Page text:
I'm not sure I've ever read a fantasy with such delicious, fitting ambiguity.
Caeden's plot was easily my favorite (is it obvious?), but the others weren't lacking. All in all, "Echo" answers most of the many questions left in the air at the end of "Shadow." Each character arc gets a conclusion, and the cast is brought back together for the final climax.
The biggest complaint I have is that the climax felt weak. The largest portion takes place from Asha and Davian's perspectives. Islington does a good job with following his themes of self-sacrifice and moral choice; however, just before the final choices are made a battle occurs in Asha's perspective which feels very out of place. That battle feels like it's just a 'battle for final battle's sake,' and seemed a bit formulaic and disappointing.
On the upside, the epilogue was spectacular. Throughout the story we receive Caeden's memories through a sequence of triggered visions, and a good portion of the epilogue is one final, astonishing recollection.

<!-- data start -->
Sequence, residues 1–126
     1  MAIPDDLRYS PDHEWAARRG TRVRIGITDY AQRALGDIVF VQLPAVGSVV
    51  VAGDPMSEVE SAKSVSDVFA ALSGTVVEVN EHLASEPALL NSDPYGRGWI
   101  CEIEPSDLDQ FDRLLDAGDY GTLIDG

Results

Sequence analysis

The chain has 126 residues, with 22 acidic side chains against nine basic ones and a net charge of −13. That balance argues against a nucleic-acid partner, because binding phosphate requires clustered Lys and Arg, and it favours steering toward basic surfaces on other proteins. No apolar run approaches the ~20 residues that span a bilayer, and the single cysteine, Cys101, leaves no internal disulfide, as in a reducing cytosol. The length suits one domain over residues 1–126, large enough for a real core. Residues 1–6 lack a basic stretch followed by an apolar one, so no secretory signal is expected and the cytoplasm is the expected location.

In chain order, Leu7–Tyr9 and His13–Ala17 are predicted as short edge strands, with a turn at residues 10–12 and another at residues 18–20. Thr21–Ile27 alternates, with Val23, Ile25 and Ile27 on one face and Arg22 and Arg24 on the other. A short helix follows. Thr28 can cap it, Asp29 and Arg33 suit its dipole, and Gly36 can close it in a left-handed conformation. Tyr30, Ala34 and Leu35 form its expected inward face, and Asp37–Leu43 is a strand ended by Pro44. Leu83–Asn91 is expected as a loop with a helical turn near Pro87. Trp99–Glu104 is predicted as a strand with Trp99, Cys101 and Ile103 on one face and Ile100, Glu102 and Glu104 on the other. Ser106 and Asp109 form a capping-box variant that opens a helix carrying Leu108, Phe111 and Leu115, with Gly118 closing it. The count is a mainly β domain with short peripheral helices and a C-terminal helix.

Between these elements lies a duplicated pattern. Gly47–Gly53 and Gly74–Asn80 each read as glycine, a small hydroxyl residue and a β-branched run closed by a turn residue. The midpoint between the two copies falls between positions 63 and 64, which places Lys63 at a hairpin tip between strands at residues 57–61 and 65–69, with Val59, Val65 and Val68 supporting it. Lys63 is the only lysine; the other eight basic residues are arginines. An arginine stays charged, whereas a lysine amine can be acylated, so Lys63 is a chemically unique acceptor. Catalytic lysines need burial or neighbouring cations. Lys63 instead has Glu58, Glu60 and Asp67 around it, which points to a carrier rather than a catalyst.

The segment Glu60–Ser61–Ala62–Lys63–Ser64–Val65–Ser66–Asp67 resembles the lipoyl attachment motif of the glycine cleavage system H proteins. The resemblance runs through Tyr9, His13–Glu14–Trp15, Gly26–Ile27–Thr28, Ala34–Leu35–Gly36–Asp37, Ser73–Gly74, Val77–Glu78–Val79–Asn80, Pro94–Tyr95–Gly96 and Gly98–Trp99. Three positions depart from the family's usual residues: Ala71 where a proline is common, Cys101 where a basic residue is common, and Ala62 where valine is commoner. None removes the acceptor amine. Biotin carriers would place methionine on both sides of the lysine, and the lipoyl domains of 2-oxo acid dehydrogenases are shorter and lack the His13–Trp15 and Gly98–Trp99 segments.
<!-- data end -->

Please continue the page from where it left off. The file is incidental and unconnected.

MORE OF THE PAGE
I look forward eagerly to "The Light of All that Falls."
How effortlessly it builds upon the mythology is something to behold. The amount of back and future story that interweaves into the current plot can make my head spin. To be blunt, this series is not for the casual. It requires effort to keep it all straight. If the story was even a four star quality book I might not have kept looking up the Glossary to make sure I had the right person or term straight. Yet this book is so good that I gladly did it.
The biggest drawback of this book is same as the last book. Mr. Islington does a lot of telling instead of showing. Way to many times he tells you what a person is feeling instead of letting the characters actions show you their feelings. A lot of young authors do this. They do not trust that the audience will get it unless they spell it out. If he can get better at this one thing I think he will stand shoulder to shoulder with the greats.
I am giving this book some extra credit. There is so much more I need explained about back and future story moments that the third book will really show if this is to go down as one of the greatest works in fantasy of all time. So far I would say it is two for two!
This book sheds some light on the first making that one a better book. Some truly great twist happen. Simply put I cannot wait to read it again... and again. I truly hope this series finds a larger audience. It deserves the attention of a Mistborn or a Game of Thrones.
PS. If you have any questions or comments on my review, or if you just want to discuss how awesome this book is feel free to hit me up in the comments.